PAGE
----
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Hazardous exposures

Hazardous exposures

Biological hazards

Lists a range of biological hazards, including bacterial and viral hazards and diseases from animals.

Carbon monoxide in breathing air during air compressor use

Compressed air can be used to supply clean breathing air to respiratory protective equipment used in industrial and manufacturing processes such as abrasive blasting and spray painting. There is an inherent risk however that the air supplied by compressors powered by internal combustion engines can be contaminated with harmful gases and substances, including carbon monoxide.


Some hazardous chemicals, called carcinogens, may cause cancer. Carcinogens can be found in a variety of industries including manufacturing, construction, scientific research and healthcare.

Heat stress

Causes and sources of heat stress, types of heat related illness, control measures.


Lead can be inhaled through dust or fumes or swallowed through eating contaminated food or smoking with contaminated fingers. Untreated lead poisoning in adults, children and pets can be fatal.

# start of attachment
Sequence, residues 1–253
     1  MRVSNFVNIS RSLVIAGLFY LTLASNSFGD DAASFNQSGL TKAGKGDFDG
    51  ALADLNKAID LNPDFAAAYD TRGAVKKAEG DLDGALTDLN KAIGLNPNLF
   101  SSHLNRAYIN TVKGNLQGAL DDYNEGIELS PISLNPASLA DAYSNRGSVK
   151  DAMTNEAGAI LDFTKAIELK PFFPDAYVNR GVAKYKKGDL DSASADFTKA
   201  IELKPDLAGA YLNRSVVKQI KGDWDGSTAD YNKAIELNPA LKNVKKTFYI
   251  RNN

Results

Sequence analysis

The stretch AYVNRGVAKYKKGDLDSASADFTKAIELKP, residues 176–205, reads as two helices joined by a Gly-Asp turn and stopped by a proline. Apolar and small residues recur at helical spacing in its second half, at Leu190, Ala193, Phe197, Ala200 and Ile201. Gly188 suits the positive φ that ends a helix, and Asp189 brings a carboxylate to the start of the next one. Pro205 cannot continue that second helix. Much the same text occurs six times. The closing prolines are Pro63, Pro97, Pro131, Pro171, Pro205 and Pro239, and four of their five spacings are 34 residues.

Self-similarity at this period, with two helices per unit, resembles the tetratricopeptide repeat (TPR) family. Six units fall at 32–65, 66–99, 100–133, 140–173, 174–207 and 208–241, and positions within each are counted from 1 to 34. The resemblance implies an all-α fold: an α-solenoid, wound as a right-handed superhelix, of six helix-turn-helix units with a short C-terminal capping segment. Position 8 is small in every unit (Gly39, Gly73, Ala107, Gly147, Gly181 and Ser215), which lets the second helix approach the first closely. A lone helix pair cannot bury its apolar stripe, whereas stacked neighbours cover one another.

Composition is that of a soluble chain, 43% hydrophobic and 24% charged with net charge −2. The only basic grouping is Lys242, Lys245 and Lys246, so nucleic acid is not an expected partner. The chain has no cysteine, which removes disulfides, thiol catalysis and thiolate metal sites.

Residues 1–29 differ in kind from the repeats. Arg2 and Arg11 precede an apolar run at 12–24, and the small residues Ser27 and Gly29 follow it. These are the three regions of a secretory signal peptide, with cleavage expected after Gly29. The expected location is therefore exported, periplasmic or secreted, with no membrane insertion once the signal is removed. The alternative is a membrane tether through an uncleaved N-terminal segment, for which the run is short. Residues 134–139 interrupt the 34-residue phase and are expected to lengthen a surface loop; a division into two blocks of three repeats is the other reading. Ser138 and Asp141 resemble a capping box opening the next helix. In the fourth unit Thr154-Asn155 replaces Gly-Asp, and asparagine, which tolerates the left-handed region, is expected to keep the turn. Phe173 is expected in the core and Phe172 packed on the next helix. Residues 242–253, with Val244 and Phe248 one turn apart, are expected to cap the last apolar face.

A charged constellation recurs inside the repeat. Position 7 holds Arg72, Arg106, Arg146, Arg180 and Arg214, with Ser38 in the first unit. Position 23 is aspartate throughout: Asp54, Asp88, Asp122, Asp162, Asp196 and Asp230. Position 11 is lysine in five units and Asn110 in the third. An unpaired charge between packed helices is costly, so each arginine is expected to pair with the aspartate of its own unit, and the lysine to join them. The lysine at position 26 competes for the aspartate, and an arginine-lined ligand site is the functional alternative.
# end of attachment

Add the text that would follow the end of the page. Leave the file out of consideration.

Nanotechnology is the controlling of matter on an atomic and molecular scale. Generally nanotechnology deals with structures of the size 100 nanometres or smaller.


Managing the risk of hearing loss from exposure to noise at work includes protecting workers from noise in excess of the noise exposure standard and providing audiometric testing for certain workers. Designers, manufacturers, importers and suppliers of noise emitting plant also have responsibilities.

Non-potable water

Non-potable water is water that has been used at least once and then supplied for reuse, either treated or untreated. Without appropriate treatment, recycled water may contain a range of contaminants.


Pesticides are hazardous chemicals that present a risk to health if precautions are not taken. Pesticides are a group of chemicals including herbicides, insecticides and fungicides.

Skin cancer and the sun

If you work outdoors in the sun, check how you can protect your skin from skin cancer.

Skin disorders and exposures

Skin exposure to substances at work can harm the skin and cause disease. Exposure can occur through contact with cleaning products, oils, paints, adhesives and foodstuffs. It can also happen when work activities generate contaminants such as welding fumes, wet cement and wood dust.

Sun safety at work

Tips to improve your safety in the sun and to keep your skin protected.

Last updated
26 April 2017

Find out more

Find out more about the Managing respirable crystalline silica dust exposure in the stone benchtop industry Code of Practice 2019.


Managing respirable crystalline silica

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